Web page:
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MAOI Information and FAQ'S


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#1 MycoDani

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Posted 11 April 2011 - 08:01 PM

Hey Topiates, I know people wanted a sticky or some way to easily access information on MAOI's. Hippie3 compiled the best MAOI information I have ever had the pleasure of reading. I think this would be important to everyone who wants to find a quick easy reference to everything MAOI :)

I want to say this in no way is absolutely perfect there are risks to everything in life. We as Topiates should also educate ourselves as much as possible to avoid any dangers!

Thank you Hippie3 the work you did will carry on here :bow:

 

MAOI FAQ - DIETARY & DRUG INTERACTIONS / RESTRICTIONS
c & p from Mycotopia Web Archive: Ayahuasca-Ideas and tips
Interactions Between MAOIs, SSRIs, and Recreational Drugs
by Erowid
1. Avoid mixing MAOIs and SSRIs.
This can lead to serotonin syndrome and can be dangerous.
2. Do not mix MAOIs with Stimulants (including MDMA).
This can lead to hypertensive crisis and can be deadly.
3. SSRIs in Combination with MDMA
Generally reduces the effects of the MDMA significantly.
4. SSRIs in Combination with Psychedelics
Generally reduce the effects of the psychedelic a bit.
5. MAOIs in Combination with Psychedelics
Generally increase the effects of the psychedelic significantly. Be extremely careful.
SSRIs
Strong SSRIs are significantly more common than MAOIs. Many commonly prescribed pharmaceutical anti-depressants are SSRIs, including Prozac (Fluoxetine), Paxil (Paroxetine), Zoloft (Sertraline), Celexa (Citalopram), and Desyrel (Trazodone).
MAOIs
Strong MAOIs are less common, but include prescription anti-depressants like phenelzine (Nardil), tranylcypromine (Parnate), isocarboxazid (Marplan), l-deprenyl (Eldepryl), moclobemide (Aurorex or Manerix), furazolidone, and pargyline. Ayahuasca also contains MAOIs, generally in the form of Banisteriopsis caapi or Syrian rue (harmine and harmaline).
----------------------------------------------------------------------------------------
Foods to Avoid with MAOIs
From: [email protected] (Stephen R. Saklad)
Subject: Re: MAO-I's dietary restrictions
Date: Mon, 28 Nov 1994 23:05:01 -0600
© 1974-1994 Micromedex Inc. - All rights reserved - Vol. 82 Exp. 12/94
Tyramine is an amino acid which is found in various foods, and is an indirect sympathomimetic that can cause a hypertensive reaction in patients receiving MAOI therapy. Monoamine oxidase is found in the gastrointestinal tract and inactivates tyramine; when drugs prevent the catabolism of exogenous tyramine, this amino acid is absorbed and displaces norepinephrine from sympathetic nerve ending and epinephrine from the adrenal glands. If a sufficient amount of pressor amines are released, a patient may experience a severe occipital or temporal headache, diaphoresis, mydriasis, nuchal rigidity, palpitations, and the elevation of both diastolic and systolic blood pressure may ensue (Anon, 1989; Da Prada et al, 1988; Brown & Bryant, 1988).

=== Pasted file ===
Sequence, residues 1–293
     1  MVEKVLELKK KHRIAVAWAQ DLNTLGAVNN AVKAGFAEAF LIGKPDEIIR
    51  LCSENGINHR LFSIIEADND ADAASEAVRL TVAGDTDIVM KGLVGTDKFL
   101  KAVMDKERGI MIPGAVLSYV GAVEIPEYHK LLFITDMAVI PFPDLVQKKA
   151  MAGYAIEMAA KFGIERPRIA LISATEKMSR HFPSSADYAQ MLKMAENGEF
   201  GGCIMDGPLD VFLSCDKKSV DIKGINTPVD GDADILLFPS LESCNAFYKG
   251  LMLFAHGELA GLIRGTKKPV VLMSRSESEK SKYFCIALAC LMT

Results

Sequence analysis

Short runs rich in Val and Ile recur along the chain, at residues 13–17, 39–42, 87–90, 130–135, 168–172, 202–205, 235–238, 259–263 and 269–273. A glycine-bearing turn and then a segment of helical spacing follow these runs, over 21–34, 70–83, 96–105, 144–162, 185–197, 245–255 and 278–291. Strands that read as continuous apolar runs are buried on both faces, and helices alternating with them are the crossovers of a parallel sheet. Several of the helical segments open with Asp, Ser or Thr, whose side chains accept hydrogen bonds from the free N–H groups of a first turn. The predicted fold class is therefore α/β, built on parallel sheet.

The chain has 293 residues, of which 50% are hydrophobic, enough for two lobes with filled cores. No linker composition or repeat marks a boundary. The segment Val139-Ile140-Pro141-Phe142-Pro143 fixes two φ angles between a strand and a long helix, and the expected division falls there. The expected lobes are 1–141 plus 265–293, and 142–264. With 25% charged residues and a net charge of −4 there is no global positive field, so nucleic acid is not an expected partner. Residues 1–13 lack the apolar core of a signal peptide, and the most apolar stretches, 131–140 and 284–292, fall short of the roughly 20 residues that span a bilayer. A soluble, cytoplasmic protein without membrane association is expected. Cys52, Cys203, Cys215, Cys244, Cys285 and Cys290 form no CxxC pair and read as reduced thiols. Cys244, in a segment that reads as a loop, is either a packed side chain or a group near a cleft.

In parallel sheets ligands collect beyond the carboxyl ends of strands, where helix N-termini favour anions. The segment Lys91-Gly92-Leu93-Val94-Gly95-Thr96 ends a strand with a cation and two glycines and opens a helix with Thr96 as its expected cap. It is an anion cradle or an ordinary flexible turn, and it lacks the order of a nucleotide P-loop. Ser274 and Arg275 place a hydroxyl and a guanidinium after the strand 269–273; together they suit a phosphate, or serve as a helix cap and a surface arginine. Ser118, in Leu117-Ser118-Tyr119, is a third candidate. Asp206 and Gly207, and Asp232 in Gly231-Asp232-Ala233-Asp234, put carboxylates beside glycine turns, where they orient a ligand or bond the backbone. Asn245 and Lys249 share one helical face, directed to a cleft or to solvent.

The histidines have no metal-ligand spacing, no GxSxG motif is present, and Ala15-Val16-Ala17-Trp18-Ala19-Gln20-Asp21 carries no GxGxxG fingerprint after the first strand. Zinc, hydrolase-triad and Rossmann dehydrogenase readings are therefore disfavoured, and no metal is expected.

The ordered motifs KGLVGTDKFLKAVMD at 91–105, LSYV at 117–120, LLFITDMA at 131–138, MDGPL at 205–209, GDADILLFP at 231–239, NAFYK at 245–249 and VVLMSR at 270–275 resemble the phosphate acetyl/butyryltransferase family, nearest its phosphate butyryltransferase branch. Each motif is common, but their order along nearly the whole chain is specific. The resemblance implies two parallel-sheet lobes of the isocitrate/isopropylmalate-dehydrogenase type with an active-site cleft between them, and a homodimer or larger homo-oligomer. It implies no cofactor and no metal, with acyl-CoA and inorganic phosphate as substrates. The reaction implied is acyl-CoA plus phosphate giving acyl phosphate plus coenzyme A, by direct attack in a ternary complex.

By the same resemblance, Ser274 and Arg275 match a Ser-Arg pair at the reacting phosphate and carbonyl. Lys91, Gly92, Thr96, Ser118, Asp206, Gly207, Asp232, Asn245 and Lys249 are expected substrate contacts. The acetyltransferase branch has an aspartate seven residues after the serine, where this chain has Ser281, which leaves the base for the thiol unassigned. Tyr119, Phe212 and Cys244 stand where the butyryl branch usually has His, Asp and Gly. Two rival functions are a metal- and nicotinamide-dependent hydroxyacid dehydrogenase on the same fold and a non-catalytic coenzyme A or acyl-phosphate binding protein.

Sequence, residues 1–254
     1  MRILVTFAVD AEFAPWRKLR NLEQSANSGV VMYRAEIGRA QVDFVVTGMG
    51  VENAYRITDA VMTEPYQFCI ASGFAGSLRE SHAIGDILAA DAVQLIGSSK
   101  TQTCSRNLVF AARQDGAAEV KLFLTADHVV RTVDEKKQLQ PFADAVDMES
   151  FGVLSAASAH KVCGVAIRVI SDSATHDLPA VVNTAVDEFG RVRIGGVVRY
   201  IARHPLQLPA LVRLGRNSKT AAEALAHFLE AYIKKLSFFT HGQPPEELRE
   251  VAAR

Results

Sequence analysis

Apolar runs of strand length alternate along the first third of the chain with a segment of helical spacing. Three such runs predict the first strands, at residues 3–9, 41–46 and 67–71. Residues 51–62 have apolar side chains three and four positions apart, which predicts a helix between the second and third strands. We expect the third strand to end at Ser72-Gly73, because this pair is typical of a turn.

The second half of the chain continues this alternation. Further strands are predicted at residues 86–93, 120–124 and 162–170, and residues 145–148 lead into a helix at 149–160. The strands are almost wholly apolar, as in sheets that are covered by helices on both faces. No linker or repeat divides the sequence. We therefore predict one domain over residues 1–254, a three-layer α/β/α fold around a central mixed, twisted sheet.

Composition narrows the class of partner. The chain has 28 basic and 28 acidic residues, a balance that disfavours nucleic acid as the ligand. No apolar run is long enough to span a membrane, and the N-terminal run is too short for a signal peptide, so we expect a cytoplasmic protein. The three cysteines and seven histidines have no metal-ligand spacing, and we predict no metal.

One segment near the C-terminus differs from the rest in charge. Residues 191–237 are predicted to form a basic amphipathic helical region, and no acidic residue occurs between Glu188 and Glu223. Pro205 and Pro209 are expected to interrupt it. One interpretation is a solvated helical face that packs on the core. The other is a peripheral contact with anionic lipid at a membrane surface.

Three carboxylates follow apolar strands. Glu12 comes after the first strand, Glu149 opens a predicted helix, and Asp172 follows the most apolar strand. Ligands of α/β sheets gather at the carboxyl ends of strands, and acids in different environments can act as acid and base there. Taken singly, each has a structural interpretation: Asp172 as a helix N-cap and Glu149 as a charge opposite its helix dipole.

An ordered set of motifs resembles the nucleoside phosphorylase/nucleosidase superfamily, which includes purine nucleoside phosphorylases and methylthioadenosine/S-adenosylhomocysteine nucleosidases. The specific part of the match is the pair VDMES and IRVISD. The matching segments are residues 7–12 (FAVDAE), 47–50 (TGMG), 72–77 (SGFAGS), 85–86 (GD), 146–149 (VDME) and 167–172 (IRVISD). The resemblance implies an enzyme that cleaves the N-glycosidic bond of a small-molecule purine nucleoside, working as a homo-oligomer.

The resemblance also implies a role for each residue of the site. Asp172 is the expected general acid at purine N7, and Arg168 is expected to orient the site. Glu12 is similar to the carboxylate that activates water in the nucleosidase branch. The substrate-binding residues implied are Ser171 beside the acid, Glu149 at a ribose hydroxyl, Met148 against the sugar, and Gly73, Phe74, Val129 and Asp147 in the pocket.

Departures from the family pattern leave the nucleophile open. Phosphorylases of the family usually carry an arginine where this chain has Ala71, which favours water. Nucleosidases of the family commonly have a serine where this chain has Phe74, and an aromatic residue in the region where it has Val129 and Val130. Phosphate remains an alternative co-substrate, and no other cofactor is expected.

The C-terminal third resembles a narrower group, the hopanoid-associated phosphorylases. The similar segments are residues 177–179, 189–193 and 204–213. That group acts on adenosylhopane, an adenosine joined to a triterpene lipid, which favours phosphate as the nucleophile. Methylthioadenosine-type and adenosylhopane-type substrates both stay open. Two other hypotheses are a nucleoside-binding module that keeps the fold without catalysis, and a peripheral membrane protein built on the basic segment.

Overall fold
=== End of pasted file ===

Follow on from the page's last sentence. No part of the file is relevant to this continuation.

On rare occasions, cardiac arrhythmias, cardiac failure, and intracerebral hemorrhage have developed in patients receiving MAOI therapy that did not observe dietary restrictions (Brown & Bryant, 1988). Therefore, dietary restrictions are required for patients receiving MAOIs. Extensive dietary restrictions previously published were collected over a decade ago and due to changes in food processing and more reliable analytical methods, new recommendations have been published (Anon, 1989; McCabe, 1986).
The tyramine content of foods varies greatly due to the differences in processing, fermentation, ripening, degradation, or incidental contamination. Many foods contain small amounts of tyramine and the formation of large quantities of tyramine have been reported if products were aged, fermented, or left to spoil. Because the sequela from tyramine and MAOIs is dose-related, reactions can be minimized without total abstinence from tyramine-containing foods.Approximately 10 to 25 mg of tyramine is required for a severe reaction compared to 6 to 10 mg for a mild reaction. Foods that normally contain low amounts of tyramine may become a risk if unusually large quantities are consumed or if spoilage has occurred (McCabe, 1986).